The Co2-Y samples with the added 0.6 wt% CuO were prepared in various O2 volume configurations at a sintering temperature of 1200˚C. The O2 volume fraction varied from 15% - 100%. The dependence of m, tanδ at 1 GHz, the density, and ρ, on the O2 volume fraction are shown in Figure 1(a) and Figure 1(b), respectively. Both m and tanδ decrease with increasing O2 volume fraction. The lowest tanδ (at 0.05) with a m of 2.7 was achieved at a full O2 atmosphere (100%), while the atmospheric case, i.e., sintering in air (20% O2), exhibited a high tanδ of 0.15 along with a high μ of ~4. It can be seen that the density increases while ρ decreases with decreasing O2 volume fraction. A high density of 5.24 × 103 kg/m3 and a low ρ of 1.2 × 104 Wm were achieved in air. Low tanδ is required for energy-conversion devices such as inductors and antennas. High ρ is also required, because wind- ing coils or printed electrodes make contact with ferrites directly. These characteristics were not attained when sintering at 1200˚C conducted in air, as shown in Figure 1. Therefore, the sintering temperature in air must be considered.

The dependence of ρ on the sintering temperature in O2 and in air is shown in Figure 2, where open and black circles denote sintering in O2 and in air, respectively. ρ decreases with sintering temperature for both atmospheres, although the change in air is steeper than that in O2. A resistivity greater than 7 × 104 Wm in the case of sintering in O2 is reached below 1180˚C in air.

The change in μ and tanδ at 1 GHz due to sintering temperature in O2 and in air are shown in Figure 3(a) and

Figure 1. Dependence of (a) m and tanδ, and (b) density and ρ, on O2 volume fraction at sintering.

Figure 2. Dependence of ρ on sintering temperature in O2 and in air.

Figure 3. Change in (a) μ and (b) tanδ at 1 GHz due to sintering temperature in O2 and in air.

Figure 3(b), respectively. μ and tanδ increase with sintering temperature for both atmospheres, and the behavior in the air case are shifted to a lower temperature than that of the O2 case. The target characteristics, namely, μ of 2.8 with a low tanδ (less than 0.05 at 1 GHz), are attained at 1170˚C in the case of sintering in air, which is almost identical to the sample sintered at 1200˚C in O2. It was proven that the crystal structure of this sample was that of a Co2-Y ferrite using X-ray diffraction as shown in Figure 4, where no spinel phase was detected as in [21] .

The fractured surfaces of the samples with identical characteristics and sintered in different atmospheres are shown in Figure 5. Here, Figure 5(a) is an image of a sample sintered at 1200˚C in O2, while Figure 5(b) shows a sample sintered at 1170˚C in air. The density of the former is 4.82 × 103 kg/m3 and that of the latter is 4.90 × 103 kg/m3, respectively. Both samples have the same morphological aspect with small grains isolated by fine pores. In addition, the majority of the grains have a pseudo-hexagonal platelet shape with thin thickness. The grain sizes, defined as the diagonal length of the hexagonal faces, are estimated as being 2.0 μm in the O2 case and 1.8 μm for the air case from these images. It is assumed that the same magnetic characteristics are attributed to the same morphological nature in both samples.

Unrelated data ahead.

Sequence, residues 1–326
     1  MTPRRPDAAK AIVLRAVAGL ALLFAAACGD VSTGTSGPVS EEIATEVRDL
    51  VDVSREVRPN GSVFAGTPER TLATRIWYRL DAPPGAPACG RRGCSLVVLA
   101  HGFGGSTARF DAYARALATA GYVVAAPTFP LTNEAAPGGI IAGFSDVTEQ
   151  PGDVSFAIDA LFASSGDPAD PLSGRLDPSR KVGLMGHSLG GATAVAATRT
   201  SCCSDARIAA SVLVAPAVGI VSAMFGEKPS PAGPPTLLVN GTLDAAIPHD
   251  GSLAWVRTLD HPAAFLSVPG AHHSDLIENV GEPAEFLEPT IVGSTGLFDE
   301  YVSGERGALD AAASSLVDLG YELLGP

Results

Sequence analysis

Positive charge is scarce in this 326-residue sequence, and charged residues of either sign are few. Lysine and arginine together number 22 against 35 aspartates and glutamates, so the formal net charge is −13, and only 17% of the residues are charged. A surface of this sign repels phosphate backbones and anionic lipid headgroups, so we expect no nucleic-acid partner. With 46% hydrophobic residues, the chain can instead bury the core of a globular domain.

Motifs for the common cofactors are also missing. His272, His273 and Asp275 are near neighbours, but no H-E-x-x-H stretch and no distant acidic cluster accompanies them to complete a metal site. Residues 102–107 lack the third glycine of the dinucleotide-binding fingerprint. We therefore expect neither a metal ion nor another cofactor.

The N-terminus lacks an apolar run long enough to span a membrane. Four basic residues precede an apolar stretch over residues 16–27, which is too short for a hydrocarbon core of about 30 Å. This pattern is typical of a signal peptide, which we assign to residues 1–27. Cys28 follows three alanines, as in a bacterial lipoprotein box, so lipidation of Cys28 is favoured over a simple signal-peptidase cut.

The relationship between grain diameter and tanδ is shown in Figure 6. All samples fabricated in this study are plotted on this figure regardless of sintering conditions. The value of tanδ increases with grain diameter, and rises abruptly from 0.05 to 0.15 around a grain diameter of ~2 μm. It has been reported previously that energy dissipation in inductors composed of NiZn ferrites is affected by grain size, and that the dissipation was minimized at a single domain size of 2 - 3 μm [24] . The magnetization process is classified into a spin rotational mode or a magnetic domain wall motion depending on magnetic domain sizes. The rotational mode dominates in the case of small grain diameters equal to magnetic single domain sizes, while larger grain sizes lead to two- or multi-domain structures.

The abrupt increase in tanδ by more than 0.1 beyond a diameter of 2 μm could be attributed to the switching of the magnetization mode from the spin rotational mode to the magnetic domain wall motion. The critical size of a magnetic single domain could be estimated as being approximately 2 μm in the Co2-Y ferrite. Therefore, controlling the grain size has an effect on reducing tanδ.

Figure 4. X-ray diffraction profiles of (a) the sample sintering at 1700˚C in air, and (b) calculated standard Y-type (CuKμ, λ = 0.15405 nm).

Figure 5. Fractured surface of the samples sintered at (a) 1200˚C in O2 and (b) 1700˚C in air. Grain sizes were estimated as being ~2.0 μm and ~1.8 μm, respectively.

Figure 6. The relationship between grain diameter and tanδ.

It is apparent that the Co2-Y ferrite with low tanδ even at 1 GHz fabricated in air is favorable for industrial production, and is a promising magnetic material for application to high frequency devices.

4. Conclusion

The sintering characteristics of the hexagonal Co2-Y-type ferrite, Ba2Co2Fe12O22, with the addition of 0.6 wt% CuO in air were examined in order to apply the ferrite to industrial production. It was found that sintering at 1170˚C in air resulted in a low tanδ of 0.05, with a high m of 2.7 at 1 GHz and a high ρ of 7 × 104 μm, identical to a sample sintered at 1200˚C in the conventionally recommended oxygen atmosphere. The relationship between grain size and tanδ was also examined. It was found that tanδ was dependent on grain size, and that a size of less than 2 μm is preferable for reducing tanδ, which suggests the ferrite can be applied to microwave devises with low energy dissipation.

Conflicts of Interest

The authors declare no conflicts of interest.